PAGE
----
Joseph McCabe (1867-1955) was one of the most prolific authors of all time. He was brought up as a Roman Catholic, worked on Latin documents, and made himself very well-informed about Christianity, but turned against it. But he was extremely naive about Jews; bear this in mind.

Click for Detailed notes on McCabe - scroll down for selections from A Rationalist Encyclopaedia (1948).

Here's the full A Rationalist Encyclopaedia (about 1.3 MBytes; Word format; includes notes on some of its limits)

Luther, Martin, D.D. (1483-1546)

J. McCabe, Rationalists Encyclopaedia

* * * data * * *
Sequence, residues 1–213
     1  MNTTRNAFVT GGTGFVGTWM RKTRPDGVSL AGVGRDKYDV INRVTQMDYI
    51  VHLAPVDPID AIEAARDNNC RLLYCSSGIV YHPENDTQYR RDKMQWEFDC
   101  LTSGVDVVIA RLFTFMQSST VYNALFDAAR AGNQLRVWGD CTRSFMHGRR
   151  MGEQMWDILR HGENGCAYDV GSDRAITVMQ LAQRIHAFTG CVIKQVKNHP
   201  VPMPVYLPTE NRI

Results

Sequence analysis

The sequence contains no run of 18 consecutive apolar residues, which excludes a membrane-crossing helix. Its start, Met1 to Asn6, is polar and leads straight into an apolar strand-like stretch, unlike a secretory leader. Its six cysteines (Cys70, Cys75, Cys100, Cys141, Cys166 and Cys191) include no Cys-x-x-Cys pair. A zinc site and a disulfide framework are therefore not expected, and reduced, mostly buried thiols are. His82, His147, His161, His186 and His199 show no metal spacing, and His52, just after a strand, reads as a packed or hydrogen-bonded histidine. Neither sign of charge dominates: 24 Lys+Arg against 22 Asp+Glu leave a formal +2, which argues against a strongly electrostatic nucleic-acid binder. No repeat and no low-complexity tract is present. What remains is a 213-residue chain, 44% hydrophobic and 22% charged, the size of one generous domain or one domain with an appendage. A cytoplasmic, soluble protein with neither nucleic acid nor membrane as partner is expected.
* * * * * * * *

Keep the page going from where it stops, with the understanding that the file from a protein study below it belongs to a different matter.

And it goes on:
Trent, The Council of (1562-63). When the Papacy had been degraded for some 200 years [see Renaissance, Popes of the], the Church was compelled, especially as the Papal revenue fell sharply with the growth of Protestantism, to listen to the demand of Reform. For the unreality of what Catholics call the Counter-Reformation see article under that title; and the Council of Trent, which the faithful (especially the German princes) required the Pope to summon for the reform of the Church "in head and members" evaded the question of moral reform as far as possible and devoted itself chiefly to formulating a code of doctrine for the condemnation of heretics. By 1530 practically all northern Europe, including England, was lost to Rome, and the city itself had, in 1527 been thoroughly sacked and ravaged by the armies of the Catholic Emperor yet the Papal Court clung to its corruption and obstinately rejected every plan of reform. The luxurious Clement VII (1523-34), a bastard of the Medici family, was succeeded by a Pope, Paul III (1534-49), who owed has advancement to the fact that his sister had been the favourite mistress of Pope Alexander VI, and who was himself the acknowledged father of four children. Protestantism was making rapid progress even in France, the German Emperor was alarmed, and the small minority of cardinals who were in favour of reform won increasing support. Few realize, from modern historical writing (under Catholic pressure) on these matters, that these few reforming prelates and scholars had for nearly a century drawn up plans of reform which included a quite repulsive account of the condition of the Church everywhere, yet the "Holy See" had turned down every plan and clung to its luxurious debasement. In 1536 the Pope, alarmed at the prospect even in Germany, began to toy with the idea of a Council. What the Germans demanded was a conference in which the leaders of the Reform would meet and discuss with Papal representatives. The Pope retorted that the Council must be held in Italy (where the Inquisition might make short work of the Reformers) and under his own presidency, with the result that, on the date he announced for his Council, only five prelates took the trouble to appear. Three years later the desperate Emperor saw the Pope and insisted that a Council be held outside Italy, and thus Trent, near the frontier, came to be chosen. But the hypocrisy of Rome was still so obvious that when the Papal Legates arrived (1541) they found not a single bishop, and four months later only a dozen were present. The Pope willingly suspended the Council, but the advance of the Turks in Europe added to the troubles of the Church, and the Emperor persisted. That the real design of the Papacy, which was outraged at the idea of discussing with heretics or allowing any but itself to talk of reforming the Church, was to get the Catholic monarchs to unite and suppress Protestantism by force was so clear that when the Council of Trent opened, in December 1545, only twenty-five prelates attended, and the number had risen to only sixty in the following June. The sittings had again to be suspended, and the Emperor, seeing the Pope bent only on "the suppression of heresy," and incidentally on getting further wealth for his own worthless Farnese family, threatened to bring his army to Italy. Paul died at this juncture, but the Papal Court was still so stubborn in its corruption that the cardinals elected a more scandalous Pope than ever. Catholic historians like Pastor dispute only the charge, which was widely believed in Rome, that Julius III was a sodomist during his pontificate. The general grossness of his character is admitted. He was forced to resume the sittings of the Council, but they were again suspended, and did not effectively begin until 1562. There were grisly quarrels, especially as the Spanish and French cardinals wanted to check the Papacy, and the Italians retorted with unpleasant remarks about the new disease (syphilis) which the Spaniards had imported and the French were spreading in Europe. When German prelates described the corrupt condition of the Church, the Papal Legates insisted that the reform of this was the business of the Pope alone. The reform measures which were passed - forbidding the sale of indulgences and the duel, and demanding an improvement of the morals of the bishops, clergy, and monks - had no effect in Catholic countries. The real work of the Council was, while rival schools of theology wrangled bitterly, to draw up a code of definitions of Catholic doctrine which would guide the Inquisitors when the war for which the Papacy still hoped (and which it attempted in the Thirty Years War) should have crushed the political power of the Reformers. The classical authority is the History of the Council of Trent of the contemporary Fra Paolo Sarpi, a learned Venetian priest of high character. Catholic writers generally make gross attacks on the work, but the above facts are almost all admitted by the leading Catholic authority on the period, Dr. L. Pastor. On the other hand, the usual Catholic accounts of the Council, which are too indulgently accepted by some American historians, are grotesque. They represent it as part of the Counter-Reformation [see] by which the Church is supposed to have purged itself, without pressure from outside, of such corruption as existed. There was no reform of the Church in Italy, France, Spain, and Portugal.